Four Functions of the Kidneys You Never Knew

kidney functions, kidney

The pair of kidneys is one of the most important organs in our body. It is commonly known for its excretory function – filtering 200 litres of blood daily to produce around 2 litres of urine. It is an important organ in maintaining the human body’s blood pressure and electrolytes. This article will dive into the ‘unknown’ functions of your kidneys. 

Production of Erythropoietin

Erythropoietin (EPO) is a hormone that is produced predominantly by specialised kidney cells – interstitial cells. Functions of EPO include:

  • Protects red blood cells against destruction from toxins
  • Stimulates bone marrow stem cells to produce new red blood cells

Our red blood cell is essentially a ‘dead cell’, in the sense that it does not have a nucleus. Its main function is to deliver oxygen from the lungs to other body organs through the circulatory system. The specialised interstitial cell of the kidney detects and responds to low levels of blood oxygen to produce EPO. Increased EPO levels in turn drive up the amount and quality of red blood cells, ensuring the delivery of oxygen to body tissues. 

When kidneys are damaged, EPO production subsequently reduces, which results in anaemia:  a condition in which you lack enough healthy red blood cells to carry adequate oxygen to your body’s tissues. Common symptoms of anaemia include: 

  • Fatigue
  • Weakness
  • Pale skin
  • Irregular heartbeats
  • Shortness of breath
  • Cold hands and feet
  • Headache

Anaemia has many other causes, including iron and/or vitamin deficiency, bone marrow disease, pregnancy etc. It’s important to consult your doctor if you suspect that you may have symptoms of anaemia. 

Activation of Vitamin D

Vitamin D is a hormone that controls calcium levels in the blood. It increases intestinal calcium absorption from food and decreases renal excretion of blood calcium. Calcium is the main component of bone and teeth. 

The ultraviolet (UV) in sunlight converts a precursor molecule in our skin to an inactivated form of vitamin D. The kidneys then convert the inactivated vitamin D from food and supplements or the sun into the active form that is needed by the body. 

When the kidneys are damaged, the function to activate vitamin D is drastically reduced, along with blood calcium levels. The direct result of which is osteoporosis: a condition where bones become thin, weak and fragile. Common symptoms of osteoporosis include:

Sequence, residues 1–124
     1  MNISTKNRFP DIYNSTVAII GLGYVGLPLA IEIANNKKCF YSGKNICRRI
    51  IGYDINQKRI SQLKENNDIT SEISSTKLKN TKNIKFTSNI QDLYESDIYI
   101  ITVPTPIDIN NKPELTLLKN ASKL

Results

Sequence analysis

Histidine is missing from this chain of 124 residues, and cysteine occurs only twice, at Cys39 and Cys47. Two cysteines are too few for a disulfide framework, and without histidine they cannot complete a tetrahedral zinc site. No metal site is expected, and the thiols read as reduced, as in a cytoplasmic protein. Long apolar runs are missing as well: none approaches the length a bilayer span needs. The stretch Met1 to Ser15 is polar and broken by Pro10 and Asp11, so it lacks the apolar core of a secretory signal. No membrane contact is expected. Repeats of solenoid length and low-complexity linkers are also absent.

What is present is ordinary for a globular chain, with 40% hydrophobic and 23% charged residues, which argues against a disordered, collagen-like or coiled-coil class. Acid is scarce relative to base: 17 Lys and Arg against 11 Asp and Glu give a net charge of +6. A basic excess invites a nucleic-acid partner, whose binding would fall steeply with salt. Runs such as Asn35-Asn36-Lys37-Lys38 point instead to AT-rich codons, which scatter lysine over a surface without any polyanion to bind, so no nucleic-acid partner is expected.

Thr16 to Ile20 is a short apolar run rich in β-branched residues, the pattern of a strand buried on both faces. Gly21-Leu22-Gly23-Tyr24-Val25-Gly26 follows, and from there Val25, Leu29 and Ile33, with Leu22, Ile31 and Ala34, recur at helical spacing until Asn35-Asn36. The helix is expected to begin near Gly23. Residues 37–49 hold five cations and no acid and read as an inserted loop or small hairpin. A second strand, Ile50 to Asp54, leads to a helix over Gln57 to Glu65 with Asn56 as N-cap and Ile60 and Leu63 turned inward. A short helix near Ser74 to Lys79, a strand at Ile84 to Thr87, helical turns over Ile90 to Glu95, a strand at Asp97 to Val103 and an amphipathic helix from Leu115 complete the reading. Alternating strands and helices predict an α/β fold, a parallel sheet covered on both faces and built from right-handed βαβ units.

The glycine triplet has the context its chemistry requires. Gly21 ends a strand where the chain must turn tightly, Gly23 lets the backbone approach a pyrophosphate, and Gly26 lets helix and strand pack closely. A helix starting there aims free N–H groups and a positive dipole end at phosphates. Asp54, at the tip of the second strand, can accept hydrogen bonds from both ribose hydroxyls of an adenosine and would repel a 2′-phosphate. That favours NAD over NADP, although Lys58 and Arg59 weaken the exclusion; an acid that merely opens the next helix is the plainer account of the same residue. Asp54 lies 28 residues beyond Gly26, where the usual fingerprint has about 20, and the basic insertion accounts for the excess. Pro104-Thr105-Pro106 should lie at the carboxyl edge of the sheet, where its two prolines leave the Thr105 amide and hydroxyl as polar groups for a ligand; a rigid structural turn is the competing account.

• Back pain: caused by fracture or collapsed vertebra
  • Loss of weight
  • Frequent bone fractures

Osteoporosis could also be caused by low calcium intake from food, a pituitary tumour, long-term steroid uses etc. It is most common in older women and patients with chronic kidney disease. Consult your doctor if you have any of the above symptoms. 

Metabolism of Medication

The kidneys not only filter the waste and toxins from our blood, but they also metabolise some wastes to make them easier to be excreted. Common pain medications like morphine and paracetamol are modified when passing through the kidneys and are then excreted in the urine. Experimental renal disease has been shown to reduce drug metabolism in the diseased kidney as compared with the contralateral normal kidney.

It’s important to let your healthcare practitioner know if you have chronic kidney disease when prescribing medications, as doses vary and should be tailored to your remaining kidney function. 

Maintenance of Acid-Base Balance

The human body is built to naturally maintain a healthy balance of acidity and alkalinity. The normal blood pH level is 7.40 on a scale of 0 to 14, where 0 is the most acidic and 14 is the most basic. Kidneys help maintain this balance by excreting acid from the blood to urine and preserving bicarbonate from the urine back to the blood. Patients with chronic kidney disease usually develop a condition called metabolic acidosis where their blood is too acidic. Common symptoms include: 

  • Confusion
  • Fast heartbeat
  • Nausea and vomiting
  • Loss of appetite
  • Weakness and feeling tired

Contact your doctor immediately if you have any of the above symptoms. Diagnostic tests can be performed to detect the exact blood pH levels for further treatment. 

For more information on daily routines that might be hurting your kidneys, click here.

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